In other discussions we've had with Bill Boberg, we believe he is completely determined to become Wyoming's first uranium miner in the new uranium bull market. As with other companies mentioned here, he has strong faith and loyalty for his team. Mark this one as another company unlikely to sell out in the near future. Sprott's Reid wrote that UR-Energy remains in an uptrend and has been forming another base since November, targeting C/share.
One surprise was the emailed comments from the vice president for strategic initiatives at Energy Metals Corporation (EMU). Farhad Abasov wrote, Energy Metals has been aggressively building up its uranium property portfolio in the US via two-pronged growth strategy: organic, staking properties and corporate acquisitions. In the last 13 months Energy Metals completed the acquisition of 3 uranium companies in the US. Now we are gearing up for the first production in Texas in 2008. The company controls over 250,000 acres of land in the US. We will continue scanning the market for good and synergistic acquisition deals. At the same time we are open to opportunities on the other side of the M and A that will enhance our shareholders' value.
During a phone conversation, nearly a year ago with chairman Bill Sheriff, we asked him whether his company was open to be taken over. At the time, Energy Metals traded for about one-quarter of its present market price. Sheriff snorted in response, No way! Asked at what price he would consider an offer, he answered, At /share, maybe, but I doubt it. For now, Energy Metals is safely below C, but perhaps not much longer. Reid wrote that Energy Metals is making new all-time highs and that he foresees a potential toward the upper end of the stock's trading channel about C+ per share.
Thanks to the steady upward uranium price climb, now being heralded as likely to be one of a top-performing commodity in 2007 and with some analysts calling for US0 uranium per pound, the sector has attracted several hundred players and wanna-be players. The majority will vaporize as many industry experts quietly, and not so quietly, predict. As Justin Reid accurately points out, the uranium sector is fragmented. It is more fragmented in the United States than elsewhere, aside from Australia. In Namibia, the uranium rush forced the country to re-evaluate its issuance of exploration licenses. Lucky stars for Paladin Resources and front-runners in the horse race, such as Forsys Metals and UraMin.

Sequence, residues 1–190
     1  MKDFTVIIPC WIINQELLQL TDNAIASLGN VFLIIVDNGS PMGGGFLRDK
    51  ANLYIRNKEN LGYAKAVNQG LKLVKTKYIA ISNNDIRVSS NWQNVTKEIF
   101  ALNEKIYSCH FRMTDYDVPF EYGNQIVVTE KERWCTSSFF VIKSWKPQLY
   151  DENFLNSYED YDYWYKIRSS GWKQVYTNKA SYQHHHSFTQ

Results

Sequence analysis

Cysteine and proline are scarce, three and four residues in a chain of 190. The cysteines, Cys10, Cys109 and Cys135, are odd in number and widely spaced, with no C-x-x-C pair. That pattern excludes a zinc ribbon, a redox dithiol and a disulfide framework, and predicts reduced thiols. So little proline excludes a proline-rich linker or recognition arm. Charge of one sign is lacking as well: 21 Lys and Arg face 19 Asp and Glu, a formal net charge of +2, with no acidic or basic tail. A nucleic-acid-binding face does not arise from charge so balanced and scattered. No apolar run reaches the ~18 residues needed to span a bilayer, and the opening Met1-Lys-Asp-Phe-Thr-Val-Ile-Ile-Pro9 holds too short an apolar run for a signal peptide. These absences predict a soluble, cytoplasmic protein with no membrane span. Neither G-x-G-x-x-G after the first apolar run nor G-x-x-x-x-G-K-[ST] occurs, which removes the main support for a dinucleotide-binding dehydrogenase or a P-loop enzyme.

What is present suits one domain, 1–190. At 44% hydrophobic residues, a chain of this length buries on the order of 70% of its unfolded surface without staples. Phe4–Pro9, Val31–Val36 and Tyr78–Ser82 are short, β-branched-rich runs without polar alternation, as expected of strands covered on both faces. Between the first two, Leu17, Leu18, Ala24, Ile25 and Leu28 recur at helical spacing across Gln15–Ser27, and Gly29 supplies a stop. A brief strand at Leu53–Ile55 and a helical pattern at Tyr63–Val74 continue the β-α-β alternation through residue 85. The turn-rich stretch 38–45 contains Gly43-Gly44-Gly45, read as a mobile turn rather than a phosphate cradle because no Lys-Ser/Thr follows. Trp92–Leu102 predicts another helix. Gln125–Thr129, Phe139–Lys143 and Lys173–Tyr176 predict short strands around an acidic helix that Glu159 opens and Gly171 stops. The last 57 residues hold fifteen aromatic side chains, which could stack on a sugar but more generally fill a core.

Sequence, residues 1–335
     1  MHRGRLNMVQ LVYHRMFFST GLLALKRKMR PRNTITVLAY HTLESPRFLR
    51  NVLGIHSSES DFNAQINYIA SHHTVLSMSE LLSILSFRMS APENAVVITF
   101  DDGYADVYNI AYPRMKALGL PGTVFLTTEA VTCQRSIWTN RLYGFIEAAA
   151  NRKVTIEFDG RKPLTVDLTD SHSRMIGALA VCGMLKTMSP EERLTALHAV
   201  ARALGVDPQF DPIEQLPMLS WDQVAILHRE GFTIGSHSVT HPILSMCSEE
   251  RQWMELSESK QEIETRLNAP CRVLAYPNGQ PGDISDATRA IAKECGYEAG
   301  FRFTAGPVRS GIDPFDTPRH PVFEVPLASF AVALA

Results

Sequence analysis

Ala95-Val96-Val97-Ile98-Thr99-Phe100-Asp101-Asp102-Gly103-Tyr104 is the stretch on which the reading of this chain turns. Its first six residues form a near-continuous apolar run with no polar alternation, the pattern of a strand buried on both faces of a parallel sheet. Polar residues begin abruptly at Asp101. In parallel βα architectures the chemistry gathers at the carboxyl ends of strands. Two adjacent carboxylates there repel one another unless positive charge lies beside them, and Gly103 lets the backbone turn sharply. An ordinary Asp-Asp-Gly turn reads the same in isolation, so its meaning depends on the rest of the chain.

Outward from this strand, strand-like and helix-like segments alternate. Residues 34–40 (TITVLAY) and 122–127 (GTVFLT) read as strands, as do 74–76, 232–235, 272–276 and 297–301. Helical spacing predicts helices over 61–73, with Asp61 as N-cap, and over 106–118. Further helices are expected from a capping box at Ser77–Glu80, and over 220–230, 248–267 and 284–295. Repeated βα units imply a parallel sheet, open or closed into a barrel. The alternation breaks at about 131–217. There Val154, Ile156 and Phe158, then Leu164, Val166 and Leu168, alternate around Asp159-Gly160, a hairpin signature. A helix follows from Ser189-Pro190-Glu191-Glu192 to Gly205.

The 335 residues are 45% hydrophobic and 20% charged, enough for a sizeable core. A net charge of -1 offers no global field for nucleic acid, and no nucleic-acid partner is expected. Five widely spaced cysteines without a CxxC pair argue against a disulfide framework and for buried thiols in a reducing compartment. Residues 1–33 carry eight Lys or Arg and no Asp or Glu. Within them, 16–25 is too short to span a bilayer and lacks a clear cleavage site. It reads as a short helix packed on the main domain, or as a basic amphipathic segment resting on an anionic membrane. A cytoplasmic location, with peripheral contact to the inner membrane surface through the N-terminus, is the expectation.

Fragmentation will eventually lead to consolidation. Those with the currency of their market capitalization have the most confidence from their bankers. And the most clout to advance additional consolidation in this sector.
Ultimately, the game boils down to negotiations. In January, SXR Uranium One chief financial officer Jean Nortier had complained about the high price of uranium assets around the world. In the all-stock transaction to acquire UrAsia, both parties agreed the uranium price should continue rising. And as long as this remains the case, further acquisitions should be expected whether the targets are reluctant or not.
And the next very big deal will probably take place in the United States. Whether the acquirer would be SXR Uranium One or the alternatives in Paladin Resources (PDN) or Denison Mines (DML) is not known. Reid did make Denison his Top Pick, probably to the chagrin of uranium guru James Dines. Sprott Securities terminology for top pick is our best investment ideas, the greatest potential value appreciation. With this strong backing, Denison's currency might improve and provide them with more clout to build their uranium asset base through another acquisition.
Strathmore Mineral's Randhawa best summarized what makes U.S. uranium companies appealing, By acquiring U.S. uranium assets, those companies with foreign assets also get an insurance policy when they make a deal. Until then, the junior uranium companies continue to move their projects forward, and at some point, the time will be ripe. But not yet.